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Conrad, Brad Richard
Williams, Ellen D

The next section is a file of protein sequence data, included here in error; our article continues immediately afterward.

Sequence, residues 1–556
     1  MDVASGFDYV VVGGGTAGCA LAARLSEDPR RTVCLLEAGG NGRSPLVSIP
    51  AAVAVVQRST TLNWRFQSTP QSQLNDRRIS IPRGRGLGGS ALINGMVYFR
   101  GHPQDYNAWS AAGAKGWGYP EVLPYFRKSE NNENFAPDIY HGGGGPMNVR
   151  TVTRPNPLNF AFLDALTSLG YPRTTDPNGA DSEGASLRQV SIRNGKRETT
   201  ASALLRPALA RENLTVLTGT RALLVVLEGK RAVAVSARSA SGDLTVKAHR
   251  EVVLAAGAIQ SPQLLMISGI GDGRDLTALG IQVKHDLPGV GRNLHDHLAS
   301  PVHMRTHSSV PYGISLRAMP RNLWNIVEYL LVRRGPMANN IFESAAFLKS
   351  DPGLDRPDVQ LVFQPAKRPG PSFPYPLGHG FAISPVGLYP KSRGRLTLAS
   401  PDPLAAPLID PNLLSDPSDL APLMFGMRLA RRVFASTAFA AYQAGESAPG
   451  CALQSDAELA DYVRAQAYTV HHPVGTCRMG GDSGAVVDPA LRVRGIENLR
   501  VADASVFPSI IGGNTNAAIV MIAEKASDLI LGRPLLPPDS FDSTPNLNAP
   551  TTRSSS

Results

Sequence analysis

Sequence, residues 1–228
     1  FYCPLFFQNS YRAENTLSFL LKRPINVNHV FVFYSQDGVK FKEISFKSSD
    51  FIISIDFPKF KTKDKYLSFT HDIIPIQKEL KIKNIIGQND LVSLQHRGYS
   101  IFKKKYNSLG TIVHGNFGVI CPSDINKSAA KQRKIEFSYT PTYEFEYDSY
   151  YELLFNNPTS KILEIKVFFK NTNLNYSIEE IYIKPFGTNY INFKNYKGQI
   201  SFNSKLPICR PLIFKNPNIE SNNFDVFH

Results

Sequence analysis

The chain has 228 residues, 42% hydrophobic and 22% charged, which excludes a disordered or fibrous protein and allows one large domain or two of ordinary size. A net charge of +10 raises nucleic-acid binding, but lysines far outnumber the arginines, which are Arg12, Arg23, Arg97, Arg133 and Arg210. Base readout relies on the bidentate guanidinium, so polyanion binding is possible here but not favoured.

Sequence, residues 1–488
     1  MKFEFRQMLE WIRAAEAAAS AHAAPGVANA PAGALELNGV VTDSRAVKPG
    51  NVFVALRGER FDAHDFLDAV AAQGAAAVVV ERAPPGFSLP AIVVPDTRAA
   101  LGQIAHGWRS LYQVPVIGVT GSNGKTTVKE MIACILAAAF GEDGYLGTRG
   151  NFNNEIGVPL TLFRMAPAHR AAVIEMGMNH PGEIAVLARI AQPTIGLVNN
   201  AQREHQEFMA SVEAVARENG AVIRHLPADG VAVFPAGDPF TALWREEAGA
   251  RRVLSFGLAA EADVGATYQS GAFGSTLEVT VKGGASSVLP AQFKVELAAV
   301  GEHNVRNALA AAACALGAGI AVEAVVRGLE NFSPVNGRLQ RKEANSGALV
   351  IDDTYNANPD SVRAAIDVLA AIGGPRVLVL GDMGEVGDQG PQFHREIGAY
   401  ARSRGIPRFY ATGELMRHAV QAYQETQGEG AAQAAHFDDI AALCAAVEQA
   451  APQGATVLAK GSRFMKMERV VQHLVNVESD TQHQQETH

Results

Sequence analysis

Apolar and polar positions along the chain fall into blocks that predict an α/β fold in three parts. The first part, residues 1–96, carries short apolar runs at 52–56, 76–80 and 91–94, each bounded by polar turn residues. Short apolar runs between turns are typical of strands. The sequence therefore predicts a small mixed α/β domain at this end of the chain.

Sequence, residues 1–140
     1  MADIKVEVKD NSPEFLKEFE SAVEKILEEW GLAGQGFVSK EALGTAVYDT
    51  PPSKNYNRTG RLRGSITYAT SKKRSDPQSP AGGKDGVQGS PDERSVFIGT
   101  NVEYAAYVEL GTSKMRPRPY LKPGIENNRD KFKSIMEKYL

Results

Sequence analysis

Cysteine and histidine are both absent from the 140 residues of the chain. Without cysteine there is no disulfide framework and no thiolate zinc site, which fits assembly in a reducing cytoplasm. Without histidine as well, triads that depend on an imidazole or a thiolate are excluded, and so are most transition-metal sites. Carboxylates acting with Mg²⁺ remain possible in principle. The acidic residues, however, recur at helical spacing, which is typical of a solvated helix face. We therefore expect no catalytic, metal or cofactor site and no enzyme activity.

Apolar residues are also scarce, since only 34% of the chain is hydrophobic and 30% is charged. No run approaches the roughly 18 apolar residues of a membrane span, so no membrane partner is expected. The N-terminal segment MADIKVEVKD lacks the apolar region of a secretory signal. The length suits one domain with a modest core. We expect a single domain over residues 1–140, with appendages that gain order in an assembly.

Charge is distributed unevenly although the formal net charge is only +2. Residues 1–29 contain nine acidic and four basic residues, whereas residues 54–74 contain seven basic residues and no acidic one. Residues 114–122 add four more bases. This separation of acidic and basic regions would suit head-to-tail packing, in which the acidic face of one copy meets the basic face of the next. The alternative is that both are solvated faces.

Nanoelectronics consist of devices with active electronic components on the nanometer length scale. At such dimensions most, if not all, atoms or molecules composing the active device region must be on or near a surface. Also, materials effectively confined to two dimensions, or when subject to abrupt boundary conditions, generally do not behave the same as materials inside three dimensional, continuous structures. This thesis is a quantitative determination of how surfaces and interfaces in organic nanoelectronic devices affect properties such as charge transport, electronic structure, and material fluctuations. Si/SiO<sub>2</sub> is a model gate/gate dielectric for organic thin film transistors, therefore proper characterization and measurement of the effects of the SiO<sub>2</sub>/organic interface on device structures is extremely important. I fabricated pentacene thin film transistors on Si/SiO<sub>2</sub> and varied the conduction channel thickness from effectively bulk (~40nm) to 2 continuous conducting layers to examine the effect of substrate on noise generation. The electronic spectral noise was measured and the generator of the noise was determined to be due to the random spatial dependence of grain boundaries, independent of proximity to the gate oxide. This result led me to investigate the mechanisms of pentacene grain formation, including the role of small quantities of impurities, on silicon dioxide substrates. Through a series of nucleation, growth and morphology studies, I determined that impurities assist in nucleation on SiO<sub>2</sub>, decreasing the stable nucleus size by a third and increasing the overall number of grains. The pentacene growth and morphology studies prompted further exploration of pentacene crystal growth on SiO<sub>2</sub>. I developed a method of making atomically clean ultra-thin oxide films, with surface chemistry and growth properties similar to the standard thick oxides. These ultra-thin oxides were measured to be as smooth as cleaned silicon and then used as substrates for scanning tunneling microscopy of pentacene films. The increased spatial resolution of this technique allowed for the first molecular resolution characterization of the standing-up pentacene crystal structure near the gate dielectric, with molecules oriented perpendicular to the SiO<sub>2</sub> surface. Further studies probed how growth of C<sub>60</sub> films on SiO<sub>2</sub> and pentacene surfaces affected C<sub>60</sub> morphology and electronic structure to better understand solar cell heterojunctions.